MAR 05, 2023 4:58 PM PST

Digital Twins Provide Insight Into Inflammatory Disease Treatment

WRITTEN BY: Carmen Leitch

The immune system is incredibly complex, and there are many different signaling molecules and receptors that can dial inflammation up or down. Patients with the same autoimmune or inflammatory disorder, such as rheumatoid arthritis, may have very different symptoms and features of disease. It can be challenging for clinicians to identify the correct treatments for such disorders. So-called digital twins may help in this effort. Scientists have now used digital twins to learn more about the proteins that trigger or deactivate immune disorders. The findings have been published in Cell Reports Medicine, and they may help us get closer to more widespread application of personalized medicines and treatments.

Image credit: Pixabay

Even when patients with inflammatory disorders are treated with medications, symptoms of these issues, like Crohn's disease, rheumatoid arthritis, and ulcerative colitis, may never be fully alleviated; this can have a devastating impact on the quality of life for people who are constantly suffering from a chronic disease.

In an inflammatory disease, hundreds or even thousands of genes and proteins may be at work in different cell types, interacting in various ways to lead to the symptoms of disease. The biological mechanisms involved may not only be different from one patient to another with the same disease, they may also vary within the same patient from one time to another. Diagnosing disorders like this can be very tough, and may send patients on an odyssey that can take years to resolve. Digital twins, which reconstruct a patient's biology with data, could help reveal the mechanisms and variations, in a patient, and how best to treat them.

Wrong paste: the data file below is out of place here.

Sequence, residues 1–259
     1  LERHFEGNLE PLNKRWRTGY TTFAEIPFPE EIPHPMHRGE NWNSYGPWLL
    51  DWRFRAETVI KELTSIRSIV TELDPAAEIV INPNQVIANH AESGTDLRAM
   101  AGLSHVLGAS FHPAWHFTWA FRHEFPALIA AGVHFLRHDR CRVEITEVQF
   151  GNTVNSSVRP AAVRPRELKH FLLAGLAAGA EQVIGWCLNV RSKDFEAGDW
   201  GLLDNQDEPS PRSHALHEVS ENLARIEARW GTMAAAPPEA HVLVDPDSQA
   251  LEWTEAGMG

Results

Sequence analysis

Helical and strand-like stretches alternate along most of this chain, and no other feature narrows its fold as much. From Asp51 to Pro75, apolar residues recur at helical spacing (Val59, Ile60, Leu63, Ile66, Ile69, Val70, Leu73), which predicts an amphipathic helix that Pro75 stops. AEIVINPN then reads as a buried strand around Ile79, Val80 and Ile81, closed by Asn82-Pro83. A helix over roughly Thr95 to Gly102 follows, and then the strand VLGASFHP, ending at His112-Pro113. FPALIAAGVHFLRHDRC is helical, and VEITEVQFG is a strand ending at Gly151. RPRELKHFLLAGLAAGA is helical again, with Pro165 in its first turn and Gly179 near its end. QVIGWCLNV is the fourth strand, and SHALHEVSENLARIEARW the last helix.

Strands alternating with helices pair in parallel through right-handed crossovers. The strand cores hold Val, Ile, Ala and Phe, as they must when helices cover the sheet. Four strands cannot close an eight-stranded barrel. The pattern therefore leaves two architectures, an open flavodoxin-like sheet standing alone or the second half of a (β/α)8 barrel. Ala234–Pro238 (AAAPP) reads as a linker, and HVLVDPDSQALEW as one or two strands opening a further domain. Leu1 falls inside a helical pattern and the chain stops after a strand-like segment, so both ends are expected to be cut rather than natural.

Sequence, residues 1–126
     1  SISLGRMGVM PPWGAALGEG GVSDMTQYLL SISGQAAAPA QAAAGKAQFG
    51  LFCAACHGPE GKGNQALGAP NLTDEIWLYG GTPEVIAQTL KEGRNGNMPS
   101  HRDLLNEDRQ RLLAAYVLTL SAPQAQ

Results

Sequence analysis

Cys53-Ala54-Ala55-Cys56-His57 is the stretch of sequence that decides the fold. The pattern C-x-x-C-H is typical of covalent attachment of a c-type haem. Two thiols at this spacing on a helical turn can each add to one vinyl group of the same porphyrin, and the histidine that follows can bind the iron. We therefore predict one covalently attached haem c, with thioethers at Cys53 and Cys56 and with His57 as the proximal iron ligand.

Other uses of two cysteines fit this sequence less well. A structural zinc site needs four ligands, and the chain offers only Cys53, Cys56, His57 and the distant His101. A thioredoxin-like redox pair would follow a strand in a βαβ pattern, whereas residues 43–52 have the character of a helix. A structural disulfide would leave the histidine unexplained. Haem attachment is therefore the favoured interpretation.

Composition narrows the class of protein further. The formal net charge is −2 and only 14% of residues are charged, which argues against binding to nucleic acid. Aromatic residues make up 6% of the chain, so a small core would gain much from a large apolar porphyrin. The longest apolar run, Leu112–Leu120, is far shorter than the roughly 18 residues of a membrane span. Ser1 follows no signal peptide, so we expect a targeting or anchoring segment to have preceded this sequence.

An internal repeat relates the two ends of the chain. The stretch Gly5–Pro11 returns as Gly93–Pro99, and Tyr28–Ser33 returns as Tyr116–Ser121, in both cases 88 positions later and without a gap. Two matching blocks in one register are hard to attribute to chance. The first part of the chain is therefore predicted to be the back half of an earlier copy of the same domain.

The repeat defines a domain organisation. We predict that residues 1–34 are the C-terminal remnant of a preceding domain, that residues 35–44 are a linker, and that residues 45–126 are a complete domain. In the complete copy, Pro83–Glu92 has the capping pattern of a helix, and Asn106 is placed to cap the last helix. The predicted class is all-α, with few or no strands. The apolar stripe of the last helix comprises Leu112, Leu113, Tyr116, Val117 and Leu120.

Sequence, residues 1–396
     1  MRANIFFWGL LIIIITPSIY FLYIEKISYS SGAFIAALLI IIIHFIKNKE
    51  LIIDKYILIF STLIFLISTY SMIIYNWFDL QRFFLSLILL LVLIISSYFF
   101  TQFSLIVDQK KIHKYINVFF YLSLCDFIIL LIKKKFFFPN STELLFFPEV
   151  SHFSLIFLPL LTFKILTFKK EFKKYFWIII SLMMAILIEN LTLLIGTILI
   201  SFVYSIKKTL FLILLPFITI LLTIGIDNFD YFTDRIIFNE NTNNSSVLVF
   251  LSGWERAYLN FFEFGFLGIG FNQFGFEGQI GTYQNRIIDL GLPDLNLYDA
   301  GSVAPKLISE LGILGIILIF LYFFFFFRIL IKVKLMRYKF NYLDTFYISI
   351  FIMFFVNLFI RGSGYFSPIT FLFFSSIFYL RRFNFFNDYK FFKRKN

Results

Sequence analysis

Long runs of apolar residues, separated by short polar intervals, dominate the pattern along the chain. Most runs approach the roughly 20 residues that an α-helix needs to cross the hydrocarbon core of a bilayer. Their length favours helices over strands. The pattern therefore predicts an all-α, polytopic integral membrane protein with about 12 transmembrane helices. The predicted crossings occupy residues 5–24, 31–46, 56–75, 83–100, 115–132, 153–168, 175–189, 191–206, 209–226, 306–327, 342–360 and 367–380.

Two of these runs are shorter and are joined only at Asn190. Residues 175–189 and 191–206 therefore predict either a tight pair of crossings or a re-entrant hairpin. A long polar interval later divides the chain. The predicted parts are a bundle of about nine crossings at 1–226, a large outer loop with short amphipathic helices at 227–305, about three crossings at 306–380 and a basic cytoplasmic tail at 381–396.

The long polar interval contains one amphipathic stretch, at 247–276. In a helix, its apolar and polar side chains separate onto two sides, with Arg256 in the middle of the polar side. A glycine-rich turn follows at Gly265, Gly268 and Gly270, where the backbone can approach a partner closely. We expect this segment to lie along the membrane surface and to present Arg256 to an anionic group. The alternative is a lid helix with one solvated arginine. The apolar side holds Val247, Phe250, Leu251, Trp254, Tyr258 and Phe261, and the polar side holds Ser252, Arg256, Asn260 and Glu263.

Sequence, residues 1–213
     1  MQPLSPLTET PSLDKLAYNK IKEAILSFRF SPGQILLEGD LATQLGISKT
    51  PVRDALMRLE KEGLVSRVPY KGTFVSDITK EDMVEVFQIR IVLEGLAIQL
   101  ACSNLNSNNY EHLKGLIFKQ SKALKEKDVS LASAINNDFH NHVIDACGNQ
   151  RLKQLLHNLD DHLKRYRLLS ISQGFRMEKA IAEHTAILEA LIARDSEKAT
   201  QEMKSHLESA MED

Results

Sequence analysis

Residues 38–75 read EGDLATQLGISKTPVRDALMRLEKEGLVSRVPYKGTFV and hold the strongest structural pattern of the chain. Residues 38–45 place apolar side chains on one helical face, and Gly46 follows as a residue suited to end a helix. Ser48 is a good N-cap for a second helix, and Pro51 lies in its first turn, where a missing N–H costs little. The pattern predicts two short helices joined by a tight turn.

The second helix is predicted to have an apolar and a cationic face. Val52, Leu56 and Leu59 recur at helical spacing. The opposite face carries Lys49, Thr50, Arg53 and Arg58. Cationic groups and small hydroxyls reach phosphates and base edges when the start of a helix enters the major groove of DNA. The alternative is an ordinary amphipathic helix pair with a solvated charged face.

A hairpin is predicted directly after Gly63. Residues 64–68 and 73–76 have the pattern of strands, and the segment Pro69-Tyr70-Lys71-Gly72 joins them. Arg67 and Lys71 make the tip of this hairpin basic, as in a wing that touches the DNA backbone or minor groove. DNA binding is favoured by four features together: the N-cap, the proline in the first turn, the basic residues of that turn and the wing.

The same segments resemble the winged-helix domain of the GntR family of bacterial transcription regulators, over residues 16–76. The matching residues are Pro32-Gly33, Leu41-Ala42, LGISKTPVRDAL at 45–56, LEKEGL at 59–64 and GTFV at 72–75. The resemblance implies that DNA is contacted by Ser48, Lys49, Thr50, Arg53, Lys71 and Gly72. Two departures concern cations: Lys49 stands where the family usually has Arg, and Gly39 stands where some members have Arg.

Scientists have now shown that pathological changes in biology can be organized into molecular programs that are controlled by only a few proteins that function as on-and-off-switches. Some of these proteins are targets of existing drugs, like TNF inhibitors. These drugs don't work for everyone, however.

"Our analyses of patients who responded or didn't respond to TNF therapy revealed different switch proteins in different individuals," said corresponding study author Dr. Mikael Benson of the Karolinska Institutet. "Another important discovery was that the proteins did not switch off the diseases but were more like dimmer switches that raised or lowered the disease programs."

Physical phenomena, including biological processes, can be modeled with mathematical equations. In a digital twin, the activity of thousands of genes in individual cells of a tissue can be assessed, and modifications can then be made for individual patients. When conditions change because of the influence of something like a drug, the outcome can be examined in the digital twin. Thus, it may be possible to study the effect of various drugs with a digital twin before trying the best option on a patient.

"The methods can be developed to tailor the right combination of drugs for 'on' proteins for individual patients," Benson said. "The programs we describe will be made available to the research community so that more clinical studies can be done of patients with different immune diseases."

In this work, a mouse model of rheumatoid arthritis and the digital twins of human patients with inflammatory diseases were studied. The activity of thousands of genes in tissues like the skin, lungs, liver, and spleen changed in the mouse model, even though only their joints were inflamed, said Benson.

This may be the first study that has revealed the extent of the changes that rheumatoid arthritis can cause in different organs, an investigation that has been hampered by the challenge of sampling many organs at once, Benson added.

Sources: Karolinska Institute, Cell Reports Medicine

About the Author
Bachelor's (BA/BS/Other)
Experienced research scientist and technical expert with authorships on over 30 peer-reviewed publications, traveler to over 70 countries, published photographer and internationally-exhibited painter, volunteer trained in disaster-response, CPR and DV counseling.
You May Also Like
Loading Comments...